It is impossible to strip apologetics from the intellectual foundation that undergirds the task. Our defense of the faith must be well-reasoned and tenable. But apologetics at its best satisfies both the hunger of the mind for evidence credibility and the thirst of the heart for emotional coherence. So, the preacher-poet analogy is to say that in order to capture the heart and soul of urbanites, propositional truth must be presented in proses that resonate deeply with the longings and life experience of minorities. We must liberate apologetics from the classroom and place it into the hands of singers, poets, spoken-word artists, novelist, movie writers and musicians. Artists like Propaganda and Reach Life Records are great examples of this. The work that LeCrae has done in advancing arguments for the gospel has strongly impacted minority youth for Christ.
Yes, I believe this is one of the side effects of market driven capitalism on the field of apologetics. Most research and educational resources are designed to address the audience concerns of those who invest financially in higher education programs, buy products, attend conferences and donate to ministries in large amounts. This leads to a similar phenomenon as to the one we see in the medical research field, where diseases that are associated with the poor are often overlooked in comparison to illnesses that more prevalently afflict those with disposable incomes in the West. Unfortunately there is a perception that urban communities have a low level of interest and willingness to invest in apologetic research and projects.
Another contributing factor to the ‘suburbanization of apologetics’ is the fact that apologists are naturally drawn to subjects that they have personally encountered in their evangelistic ministries and life-experience. Therefore, since urban apologists are under-represented in most seminaries and publishing houses, our stories and issues are not being discussed. If this trend has any hope of being reversed there must be more intentionality with academia and the apologetic world as a whole to create platforms for urban voices.
I want to make an observation about apologetics literature and then have you respond. I see several different contemporary, North American apologetics streams converging in Urban Apologetics: Emphasis on ‘existentialist reasons for belief in God’ (e.g., from Cliff Williams), ‘imaginative apologetics’ (e.g., from Andrew Davison, Holly Ordway), the necessity to embody our moral apologetics and ethics (e.g., from David Horner, Mark Coppenger); and the integral way that pastoral care and leadership ought to orient the apologetics endeavor. In some way, whether explicitly or indirectly, is your work swimming in some of these streams?
This is very perceptive of you. Urban Apologetics seeks to tap into the ethos of ethnic minority communities. What I discovered is that there is a hunger for the gospel to address the existential questions of the heart, with a distinctly pastoral feel and presented by highly credible voices who emphasize praxis as much as orthodoxy. In this way, however, I do also recognize that the connection with each of these streams is not a uniquely urban development. What does make Urban Apologetics distinctive is the bringing together of each of these trends into one project and focus.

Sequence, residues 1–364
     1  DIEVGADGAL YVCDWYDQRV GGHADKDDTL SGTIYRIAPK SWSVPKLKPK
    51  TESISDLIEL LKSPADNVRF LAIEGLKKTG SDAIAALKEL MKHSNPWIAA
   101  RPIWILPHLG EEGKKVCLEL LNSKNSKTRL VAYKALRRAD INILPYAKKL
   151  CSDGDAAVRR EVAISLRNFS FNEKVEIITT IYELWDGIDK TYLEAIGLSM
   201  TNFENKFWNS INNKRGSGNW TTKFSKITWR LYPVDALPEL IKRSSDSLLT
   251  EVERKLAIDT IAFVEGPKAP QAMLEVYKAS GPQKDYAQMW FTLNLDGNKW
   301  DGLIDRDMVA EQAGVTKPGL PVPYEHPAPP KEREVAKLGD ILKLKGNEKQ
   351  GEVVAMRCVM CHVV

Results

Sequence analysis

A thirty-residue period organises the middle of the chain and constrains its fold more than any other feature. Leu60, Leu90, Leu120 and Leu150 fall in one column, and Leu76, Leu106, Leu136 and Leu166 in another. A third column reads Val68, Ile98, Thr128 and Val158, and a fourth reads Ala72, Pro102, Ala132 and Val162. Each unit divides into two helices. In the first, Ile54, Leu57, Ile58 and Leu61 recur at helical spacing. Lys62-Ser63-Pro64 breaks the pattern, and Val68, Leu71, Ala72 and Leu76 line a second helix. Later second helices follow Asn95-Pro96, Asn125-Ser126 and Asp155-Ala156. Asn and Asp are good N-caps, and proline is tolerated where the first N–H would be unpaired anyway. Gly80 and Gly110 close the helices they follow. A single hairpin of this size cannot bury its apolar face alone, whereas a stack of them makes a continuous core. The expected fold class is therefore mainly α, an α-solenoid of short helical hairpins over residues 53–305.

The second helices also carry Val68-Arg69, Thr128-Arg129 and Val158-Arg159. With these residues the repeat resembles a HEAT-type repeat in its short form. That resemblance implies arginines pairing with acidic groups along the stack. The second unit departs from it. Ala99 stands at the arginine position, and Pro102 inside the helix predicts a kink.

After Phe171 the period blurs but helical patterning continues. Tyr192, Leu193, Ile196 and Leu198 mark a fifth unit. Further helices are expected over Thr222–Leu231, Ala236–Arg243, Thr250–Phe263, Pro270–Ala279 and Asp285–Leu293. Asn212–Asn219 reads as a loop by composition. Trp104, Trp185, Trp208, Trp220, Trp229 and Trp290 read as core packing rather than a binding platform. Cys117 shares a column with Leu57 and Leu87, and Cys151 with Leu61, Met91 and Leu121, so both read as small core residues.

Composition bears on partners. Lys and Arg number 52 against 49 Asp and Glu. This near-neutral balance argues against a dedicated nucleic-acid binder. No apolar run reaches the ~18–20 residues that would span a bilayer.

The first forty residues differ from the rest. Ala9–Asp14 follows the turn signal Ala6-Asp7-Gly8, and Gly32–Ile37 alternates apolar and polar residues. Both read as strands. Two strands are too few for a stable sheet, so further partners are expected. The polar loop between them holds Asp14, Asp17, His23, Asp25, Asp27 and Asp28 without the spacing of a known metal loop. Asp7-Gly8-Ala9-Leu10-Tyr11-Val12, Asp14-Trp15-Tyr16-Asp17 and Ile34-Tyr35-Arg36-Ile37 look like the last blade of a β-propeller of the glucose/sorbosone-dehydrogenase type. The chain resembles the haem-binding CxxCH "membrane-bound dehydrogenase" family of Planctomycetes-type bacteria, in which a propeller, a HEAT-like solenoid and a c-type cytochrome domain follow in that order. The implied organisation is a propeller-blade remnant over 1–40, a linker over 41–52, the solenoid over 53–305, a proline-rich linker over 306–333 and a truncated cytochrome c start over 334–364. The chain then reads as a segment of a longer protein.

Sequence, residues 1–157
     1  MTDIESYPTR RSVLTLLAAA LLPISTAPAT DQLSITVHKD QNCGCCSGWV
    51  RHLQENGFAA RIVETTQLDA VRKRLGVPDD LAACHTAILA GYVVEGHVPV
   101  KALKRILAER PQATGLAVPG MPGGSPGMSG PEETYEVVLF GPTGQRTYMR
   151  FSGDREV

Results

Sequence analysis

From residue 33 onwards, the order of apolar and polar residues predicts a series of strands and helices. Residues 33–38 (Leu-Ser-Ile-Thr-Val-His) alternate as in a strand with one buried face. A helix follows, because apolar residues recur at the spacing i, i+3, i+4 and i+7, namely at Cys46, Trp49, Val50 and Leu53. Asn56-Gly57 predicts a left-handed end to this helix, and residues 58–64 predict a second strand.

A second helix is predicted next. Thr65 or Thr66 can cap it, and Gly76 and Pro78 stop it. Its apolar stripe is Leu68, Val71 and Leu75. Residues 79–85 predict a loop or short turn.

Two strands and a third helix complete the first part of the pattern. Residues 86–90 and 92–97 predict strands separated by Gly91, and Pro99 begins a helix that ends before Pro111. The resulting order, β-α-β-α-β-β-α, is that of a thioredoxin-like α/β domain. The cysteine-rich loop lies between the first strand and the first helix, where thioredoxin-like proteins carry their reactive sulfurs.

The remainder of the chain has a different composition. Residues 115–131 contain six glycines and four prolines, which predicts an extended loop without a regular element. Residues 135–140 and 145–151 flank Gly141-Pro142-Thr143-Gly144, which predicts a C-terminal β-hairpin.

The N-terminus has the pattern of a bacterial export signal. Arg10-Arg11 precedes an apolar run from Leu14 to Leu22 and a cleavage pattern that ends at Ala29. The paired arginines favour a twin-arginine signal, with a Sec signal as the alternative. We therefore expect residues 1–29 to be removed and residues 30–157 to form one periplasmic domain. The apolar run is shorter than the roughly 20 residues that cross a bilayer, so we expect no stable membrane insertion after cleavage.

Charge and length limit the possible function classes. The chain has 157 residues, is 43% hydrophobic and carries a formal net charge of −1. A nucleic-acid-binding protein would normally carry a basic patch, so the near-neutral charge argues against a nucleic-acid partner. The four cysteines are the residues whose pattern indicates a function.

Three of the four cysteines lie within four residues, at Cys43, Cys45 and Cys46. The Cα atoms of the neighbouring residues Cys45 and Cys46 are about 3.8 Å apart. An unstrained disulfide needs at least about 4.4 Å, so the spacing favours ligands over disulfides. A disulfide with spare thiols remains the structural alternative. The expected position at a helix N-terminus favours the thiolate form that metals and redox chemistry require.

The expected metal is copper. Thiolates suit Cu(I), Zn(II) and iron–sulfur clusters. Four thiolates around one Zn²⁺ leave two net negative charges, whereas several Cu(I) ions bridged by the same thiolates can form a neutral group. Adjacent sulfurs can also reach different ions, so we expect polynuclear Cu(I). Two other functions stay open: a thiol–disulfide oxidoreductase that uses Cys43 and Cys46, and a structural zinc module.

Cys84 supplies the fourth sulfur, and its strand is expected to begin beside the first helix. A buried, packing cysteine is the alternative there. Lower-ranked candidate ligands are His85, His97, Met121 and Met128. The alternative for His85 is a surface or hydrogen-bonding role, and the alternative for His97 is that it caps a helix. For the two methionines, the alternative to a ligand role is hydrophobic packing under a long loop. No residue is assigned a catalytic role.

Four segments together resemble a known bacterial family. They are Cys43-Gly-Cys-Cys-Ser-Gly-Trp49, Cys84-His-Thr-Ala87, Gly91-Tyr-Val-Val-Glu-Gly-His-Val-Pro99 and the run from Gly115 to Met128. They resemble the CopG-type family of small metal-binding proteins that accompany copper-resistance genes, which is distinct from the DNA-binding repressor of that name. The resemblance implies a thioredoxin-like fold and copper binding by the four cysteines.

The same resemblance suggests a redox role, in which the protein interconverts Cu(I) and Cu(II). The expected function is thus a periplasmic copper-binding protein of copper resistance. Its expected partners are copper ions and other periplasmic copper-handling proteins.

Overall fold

How might a local church learn to better integrate the vision and stewardship of an ‘Urban Apologetics’ through their enfolding and training communities?
The local church is the best place for urban apologetic work to be done. In chapter nine of my book I recommend several ways local churches can assimilate Urban Apologetics into their mission. The overarching counsel that I give is for churches to begin by creating a listening evangelistic environment that seeks to address the specific questions and concerns of the community they endeavor to reach with the gospel, as opposed to giving answers to questions that aren’t being asked in their specific mission field. Secondly, I highly encourage churches to cultivate a vision for producing urban apologists. This can be done by vocally and visually providing support through investing into the education and training of these types of ministry workers.
It seems that evangelical educational institutions – especially seminaries – can help to facilitate better attentiveness to the issues and needs for training laity and clergy in ‘Urban Apologetics.’ What are some top institutional recommendations for developments in this area?
Bible Colleges and Seminaries play an extremely vital role in training laity and leaders for engaging in Urban Apologetics. There are several ways that educational institutions can best approach this work. They can begin by doing a demographic study of the immediate communities they serve in order to discover what religious groups are garnering the most interest and attention. It was because of my demographic research and community analysis that I added an appendix to the book that deals with religions that aren’t mainstream, but are very prevalent in urban communities. Groups like the Moorish Temple, Egyptology and the 5 Percent nation are capturing the attention of minorities and therefore must not be overlooked in our books and training programs. Demographic data should influence curriculum and class offerings.
Secondly, schools should maintain the posture of being a resource to the broader Christian community for facilitating crucial conversations around the major issues shaping culture. Educational institutions should not shy away from inviting guest speakers t0 address special topics of interest to urbanites. My final recommendation is for Evangelical seminaries to create space in their degree programs for classes on how Christians should respond to the social justice and ethical questions of our day.
Joseph E. Gorra is co-writer with William Lane Craig for A Reasonable Response: Answers to Tough Questions on God, Christianity and the Bible (Moody, 2013), and is the founder and director of the religious nonprofit, Veritas Life Center. Twitter: www.twitter.com/GorraResearch